May 27, 2020
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On December 5, the U.S. Department of Transportation released a 98-page final rule codifying reforms to its rulemaking, guidance, and enforcement practices.

The rule’s major components include permanently incorporating President Trump’s policy on regulatory budgeting – the “2-for-1” plan, where two rules are repealed for every new one issued – and clarifies that the USDOT guidance documents “do not impose legal obligations and shall not be used as a basis for enforcement.”

The new final rule also ensures due process protections for potential subjects of enforcement actions, the agency said, including open and fair investigations as well as proceedings.

USDOT Secretary Elaine Chao

“When rules are outdated, duplicative, overly complex and contradictory, they harm the cause of safety and effectiveness. This effort enhances the department’s regulatory process by providing greater transparency and strengthening due process in enforcement actions,” noted USDOT Secretary Elaine Chao in a statement.

“USDOT is leading the way in reforming not just individual regulations, but the process by which we regulate,” she added. “This ‘rule on rules’ is an example of the type of good government embraced by this administration. It will continue to aid the department in promoting clear and effective engagements with all those who are impacted by USDOT regulations, which touch on all forms of transportation.”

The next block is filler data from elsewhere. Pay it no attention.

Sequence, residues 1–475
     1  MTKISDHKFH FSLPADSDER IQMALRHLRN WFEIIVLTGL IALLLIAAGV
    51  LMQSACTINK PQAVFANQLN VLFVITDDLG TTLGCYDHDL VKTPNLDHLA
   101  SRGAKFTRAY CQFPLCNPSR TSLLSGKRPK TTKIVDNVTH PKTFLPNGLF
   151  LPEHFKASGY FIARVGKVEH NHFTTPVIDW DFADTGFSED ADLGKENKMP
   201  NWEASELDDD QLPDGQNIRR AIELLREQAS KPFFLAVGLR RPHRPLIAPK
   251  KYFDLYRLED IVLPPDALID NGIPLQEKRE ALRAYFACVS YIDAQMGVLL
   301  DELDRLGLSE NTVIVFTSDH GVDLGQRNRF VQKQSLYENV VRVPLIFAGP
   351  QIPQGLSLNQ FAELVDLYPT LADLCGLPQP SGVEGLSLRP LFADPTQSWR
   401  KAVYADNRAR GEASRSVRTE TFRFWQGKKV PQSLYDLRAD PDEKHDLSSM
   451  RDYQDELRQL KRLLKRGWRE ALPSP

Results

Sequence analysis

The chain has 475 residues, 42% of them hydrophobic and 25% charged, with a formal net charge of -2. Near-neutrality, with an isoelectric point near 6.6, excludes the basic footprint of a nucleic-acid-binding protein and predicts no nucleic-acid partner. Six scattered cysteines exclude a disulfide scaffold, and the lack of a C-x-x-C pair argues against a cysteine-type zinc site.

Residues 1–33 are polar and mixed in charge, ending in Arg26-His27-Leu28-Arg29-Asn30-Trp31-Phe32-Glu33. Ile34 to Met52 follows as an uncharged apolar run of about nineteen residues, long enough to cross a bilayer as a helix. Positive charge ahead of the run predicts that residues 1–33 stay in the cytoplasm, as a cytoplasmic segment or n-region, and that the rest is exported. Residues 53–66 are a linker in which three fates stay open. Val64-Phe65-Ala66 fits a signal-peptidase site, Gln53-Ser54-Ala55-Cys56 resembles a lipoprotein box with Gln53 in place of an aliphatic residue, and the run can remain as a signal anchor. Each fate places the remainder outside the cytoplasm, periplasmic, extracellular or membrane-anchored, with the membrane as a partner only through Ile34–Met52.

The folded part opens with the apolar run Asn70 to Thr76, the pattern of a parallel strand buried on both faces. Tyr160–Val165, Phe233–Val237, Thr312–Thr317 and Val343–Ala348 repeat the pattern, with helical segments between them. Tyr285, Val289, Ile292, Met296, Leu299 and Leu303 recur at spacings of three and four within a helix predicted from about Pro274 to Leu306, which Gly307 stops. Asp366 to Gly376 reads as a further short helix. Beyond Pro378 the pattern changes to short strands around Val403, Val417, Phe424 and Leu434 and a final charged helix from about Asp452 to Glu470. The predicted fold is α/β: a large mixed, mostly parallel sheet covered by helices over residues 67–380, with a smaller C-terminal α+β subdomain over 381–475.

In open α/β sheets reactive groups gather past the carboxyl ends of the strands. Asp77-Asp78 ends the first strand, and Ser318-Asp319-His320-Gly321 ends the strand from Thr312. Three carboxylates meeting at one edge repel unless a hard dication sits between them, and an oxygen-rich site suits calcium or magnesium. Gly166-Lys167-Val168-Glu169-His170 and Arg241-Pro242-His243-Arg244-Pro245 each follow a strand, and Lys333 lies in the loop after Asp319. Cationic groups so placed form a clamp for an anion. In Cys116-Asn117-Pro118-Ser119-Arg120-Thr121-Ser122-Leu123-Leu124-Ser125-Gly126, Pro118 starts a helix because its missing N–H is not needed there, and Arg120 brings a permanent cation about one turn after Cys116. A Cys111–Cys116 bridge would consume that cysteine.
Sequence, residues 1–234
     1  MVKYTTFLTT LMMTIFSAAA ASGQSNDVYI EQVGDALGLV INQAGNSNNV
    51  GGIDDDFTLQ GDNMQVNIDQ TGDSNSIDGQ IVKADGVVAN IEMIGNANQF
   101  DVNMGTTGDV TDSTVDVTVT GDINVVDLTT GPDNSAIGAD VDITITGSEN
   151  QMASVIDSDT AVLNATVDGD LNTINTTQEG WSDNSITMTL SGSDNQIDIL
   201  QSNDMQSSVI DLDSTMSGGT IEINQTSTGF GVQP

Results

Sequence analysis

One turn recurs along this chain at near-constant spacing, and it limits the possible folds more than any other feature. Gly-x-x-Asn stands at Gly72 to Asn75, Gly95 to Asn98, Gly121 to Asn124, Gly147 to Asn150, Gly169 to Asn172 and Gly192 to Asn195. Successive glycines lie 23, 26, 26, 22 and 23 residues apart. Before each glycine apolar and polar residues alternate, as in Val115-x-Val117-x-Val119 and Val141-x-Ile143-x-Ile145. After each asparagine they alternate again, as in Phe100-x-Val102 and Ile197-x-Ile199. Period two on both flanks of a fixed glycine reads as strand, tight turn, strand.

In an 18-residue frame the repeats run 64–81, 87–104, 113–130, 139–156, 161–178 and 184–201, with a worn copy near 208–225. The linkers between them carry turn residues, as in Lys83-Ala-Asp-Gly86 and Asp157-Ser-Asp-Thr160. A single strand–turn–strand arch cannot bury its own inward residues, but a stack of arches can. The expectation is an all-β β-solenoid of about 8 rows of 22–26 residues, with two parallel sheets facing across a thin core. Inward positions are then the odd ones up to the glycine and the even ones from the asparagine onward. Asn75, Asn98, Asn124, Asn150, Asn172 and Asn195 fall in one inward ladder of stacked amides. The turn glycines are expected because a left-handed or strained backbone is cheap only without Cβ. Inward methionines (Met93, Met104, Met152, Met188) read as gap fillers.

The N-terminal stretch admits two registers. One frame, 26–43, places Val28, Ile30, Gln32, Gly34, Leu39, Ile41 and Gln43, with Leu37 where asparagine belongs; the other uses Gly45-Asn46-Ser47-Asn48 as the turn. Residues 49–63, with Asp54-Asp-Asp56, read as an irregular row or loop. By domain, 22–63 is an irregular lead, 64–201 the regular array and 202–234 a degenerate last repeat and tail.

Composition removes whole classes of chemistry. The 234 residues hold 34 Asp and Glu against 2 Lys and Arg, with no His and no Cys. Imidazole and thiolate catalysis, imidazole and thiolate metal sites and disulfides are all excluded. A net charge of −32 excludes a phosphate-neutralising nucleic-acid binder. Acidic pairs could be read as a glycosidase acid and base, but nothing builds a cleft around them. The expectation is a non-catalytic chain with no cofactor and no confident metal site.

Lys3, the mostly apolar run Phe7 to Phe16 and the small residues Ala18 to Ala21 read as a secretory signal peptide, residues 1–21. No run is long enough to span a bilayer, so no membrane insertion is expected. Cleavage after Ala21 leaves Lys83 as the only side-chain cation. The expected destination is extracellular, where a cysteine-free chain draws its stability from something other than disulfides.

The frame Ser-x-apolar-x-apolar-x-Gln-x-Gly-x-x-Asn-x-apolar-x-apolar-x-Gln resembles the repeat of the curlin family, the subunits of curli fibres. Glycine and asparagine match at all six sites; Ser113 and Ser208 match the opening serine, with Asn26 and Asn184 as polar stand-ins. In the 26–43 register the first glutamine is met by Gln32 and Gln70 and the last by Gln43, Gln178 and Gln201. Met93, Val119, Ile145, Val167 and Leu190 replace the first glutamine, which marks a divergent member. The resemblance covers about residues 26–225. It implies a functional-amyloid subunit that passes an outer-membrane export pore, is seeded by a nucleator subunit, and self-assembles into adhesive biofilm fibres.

This is but the latest step in a long-term effort by USDOT to not only simplify its regulatory structure but reduce paperwork associated with those rules as well.

In August, the agency issued a federal register notice that sought comment on two “interim” policies: one to limit environmental impact statements to a maximum of 150 pages – with a recommendation that they “not exceed” 75 pages – and the other to coordinate those federal reviews under the “One Federal Decision” executive order with a goal of completing them within two years.

In February, USDOT filed a Federal Register notice aimed at reviewing its existing regulatory guidance documents to evaluate them for “continued necessity,” as well as to determine whether the guidance needs to be updated or revised.

In November 2018, USDOT officially issued a 131-page final rule to amend Federal Highway Administration and Federal Transit Administration regulations regarding the implementation of National Environmental Policy Act or NEPA requirements along with other environmental protocols – steps the agency believes will “accelerate” transportation project delivery times.

editor@aashto.org

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